Graphene is not a young material: its Noble Prize was awarded in 2010 and the first pioneering firms were established before that, around 2006, making graphene commercially-available for over a decade to date.
When it comes to technical innovation in the electronics industry, some components remain applicable for a lot longer than anyone could have predicted. Many engineers might think of the 555 or 741 as good examples – 40 years on from their initial launch, both are still used in many new designs and are subject of interest at schools and colleges
For many the term “JTAG” is still a point of confusion; for some engineers it is a device-programming port while for others it is for plugging in a microprocessor emulator or debugger, whereas, in fact, it was originally devised for neither.
Every CIO (chief information officer) now focuses on digital transformation initiatives, like the Cloud, as means to ensure their company is “disrupting” and not “disrupted”.
Battery-operated applications are becoming popular in the IoT era. Luckily, there doesn’t have to be a trade-off between power saving and accuracy. Some operational amplifiers have disable pins and, when used correctly, they can yield up to 99% power savings without compromising accuracy.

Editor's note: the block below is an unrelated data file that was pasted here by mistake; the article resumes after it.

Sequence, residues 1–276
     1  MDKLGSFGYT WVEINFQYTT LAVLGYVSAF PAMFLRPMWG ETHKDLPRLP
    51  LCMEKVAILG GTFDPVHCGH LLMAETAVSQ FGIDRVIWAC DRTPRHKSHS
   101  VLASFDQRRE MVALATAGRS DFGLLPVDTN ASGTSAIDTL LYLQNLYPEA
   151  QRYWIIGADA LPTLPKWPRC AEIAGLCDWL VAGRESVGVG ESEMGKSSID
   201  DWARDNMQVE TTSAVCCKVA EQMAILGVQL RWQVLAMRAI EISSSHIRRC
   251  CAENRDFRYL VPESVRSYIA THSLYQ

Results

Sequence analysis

Cleaning is an integral part of many manufacturing and maintenance processes, and often critical to the performance of a broad range of technologies in the semiconductor, defence, MEMS, photonics and biotech industries.
A breakthrough in energy storage technology promises a new generation of flexible electronic devices powered by sunlight, thanks to a team of engineers from the University of Glasgow.
Researchers at CEA-Leti and Stanford University have developed the world’s first circuit-integrating multiple-bit non-volatile memory (NVM) chip called Resistive RAM (RRAM).